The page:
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A Norwegian National Cohort Of 3198 Women Treated With Home-managed Electrical Stimulation For Urinary Incontinence--demography And Medical History.
Published 2001 · Medicine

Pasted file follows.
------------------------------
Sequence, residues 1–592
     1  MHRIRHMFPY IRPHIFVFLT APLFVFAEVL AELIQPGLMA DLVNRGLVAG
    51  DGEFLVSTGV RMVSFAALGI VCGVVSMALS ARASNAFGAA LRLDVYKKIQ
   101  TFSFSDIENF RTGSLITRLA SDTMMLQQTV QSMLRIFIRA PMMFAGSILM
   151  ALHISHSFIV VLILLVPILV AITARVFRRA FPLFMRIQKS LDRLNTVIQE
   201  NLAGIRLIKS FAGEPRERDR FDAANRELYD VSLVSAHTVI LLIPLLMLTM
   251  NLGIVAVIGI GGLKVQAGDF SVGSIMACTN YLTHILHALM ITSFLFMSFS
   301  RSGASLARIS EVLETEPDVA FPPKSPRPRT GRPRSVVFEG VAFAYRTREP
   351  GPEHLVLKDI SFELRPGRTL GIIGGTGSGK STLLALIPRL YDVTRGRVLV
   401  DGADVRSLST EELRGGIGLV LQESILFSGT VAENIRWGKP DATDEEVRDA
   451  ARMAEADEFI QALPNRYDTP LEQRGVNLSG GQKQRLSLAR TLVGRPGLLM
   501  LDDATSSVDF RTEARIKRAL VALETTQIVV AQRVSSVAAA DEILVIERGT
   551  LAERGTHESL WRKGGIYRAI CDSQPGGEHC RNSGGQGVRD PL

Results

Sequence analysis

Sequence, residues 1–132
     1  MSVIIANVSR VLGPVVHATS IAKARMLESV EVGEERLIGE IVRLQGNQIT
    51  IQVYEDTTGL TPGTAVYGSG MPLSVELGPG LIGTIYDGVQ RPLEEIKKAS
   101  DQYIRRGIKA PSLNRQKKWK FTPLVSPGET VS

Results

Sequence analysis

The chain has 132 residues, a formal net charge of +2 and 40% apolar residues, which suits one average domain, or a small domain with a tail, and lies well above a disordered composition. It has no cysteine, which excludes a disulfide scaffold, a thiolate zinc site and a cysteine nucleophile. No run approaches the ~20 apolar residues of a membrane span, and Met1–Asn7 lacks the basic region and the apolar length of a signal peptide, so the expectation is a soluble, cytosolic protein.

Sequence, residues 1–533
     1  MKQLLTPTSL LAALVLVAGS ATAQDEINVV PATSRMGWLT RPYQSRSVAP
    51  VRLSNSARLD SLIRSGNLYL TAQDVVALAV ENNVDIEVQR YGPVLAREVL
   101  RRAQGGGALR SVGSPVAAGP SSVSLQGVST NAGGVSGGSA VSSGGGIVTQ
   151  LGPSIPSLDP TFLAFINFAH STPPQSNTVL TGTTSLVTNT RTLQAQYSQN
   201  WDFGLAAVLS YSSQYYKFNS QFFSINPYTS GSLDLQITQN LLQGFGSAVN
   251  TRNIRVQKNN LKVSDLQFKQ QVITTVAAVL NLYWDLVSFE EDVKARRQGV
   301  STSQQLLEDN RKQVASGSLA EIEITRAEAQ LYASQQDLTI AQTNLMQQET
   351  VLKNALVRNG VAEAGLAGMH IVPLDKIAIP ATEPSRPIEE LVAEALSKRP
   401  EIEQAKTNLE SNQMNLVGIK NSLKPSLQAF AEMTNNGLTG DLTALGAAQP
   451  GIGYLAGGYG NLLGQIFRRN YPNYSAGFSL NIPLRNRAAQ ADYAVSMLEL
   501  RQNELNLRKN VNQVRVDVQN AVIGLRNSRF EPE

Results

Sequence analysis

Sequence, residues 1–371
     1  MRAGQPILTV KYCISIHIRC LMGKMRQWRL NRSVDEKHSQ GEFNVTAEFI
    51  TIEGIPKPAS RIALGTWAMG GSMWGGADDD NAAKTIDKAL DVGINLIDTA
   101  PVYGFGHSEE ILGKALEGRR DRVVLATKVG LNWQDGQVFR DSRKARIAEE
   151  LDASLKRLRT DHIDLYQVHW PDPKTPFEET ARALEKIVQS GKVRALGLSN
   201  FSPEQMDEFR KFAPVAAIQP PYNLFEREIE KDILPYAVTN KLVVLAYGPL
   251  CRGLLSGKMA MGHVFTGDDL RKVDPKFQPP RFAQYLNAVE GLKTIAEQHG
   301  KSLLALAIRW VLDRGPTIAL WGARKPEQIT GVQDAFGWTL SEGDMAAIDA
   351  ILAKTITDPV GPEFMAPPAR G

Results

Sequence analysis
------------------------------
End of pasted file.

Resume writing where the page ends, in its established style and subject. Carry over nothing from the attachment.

OBJECTIVE The aim of this study was to describe the demography, medical history and clinical characteristics of women treated with home-managed electrical stimulation in Norway. MATERIAL AND METHODS This prospective cohort study investigated all 3198 women treated with home-managed electrical stimulation in Norway from 1992 to 1994. Data were collected from both patients and physicians by questionnaires before and after treatment. RESULTS Mean age was 53 years. According to the physicians, 43, 15, 37 and 5% of the patients had stress, urge, mixed incontinence and other diagnoses, respectively. Fifty-five per cent of the women had had symptoms for 5 years or more, 62% had urinary loss every day/night, and 59% of the patients were classified as having severe or very severe incontinence according to a validated severity index. Fifty-two per cent of the women used a long-term stimulator and 48% a maximal stimulator. Of 645 physicians who requested stimulators, 65% worked in general practice; 70% of the stimulators were requested by physicians working in hospital or specialists in private practice. Gynaecologists requested 53% of the stimulators. CONCLUSIONS The Norwegian reimbursement system can be said to be a numeric success. Electrical stimulation is a treatment option for everyday use in Norway. This complete national cohort of 3198 women treated with home-managed electrical stimulation for urinary incontinence was biased towards younger patients and more severe incontinence.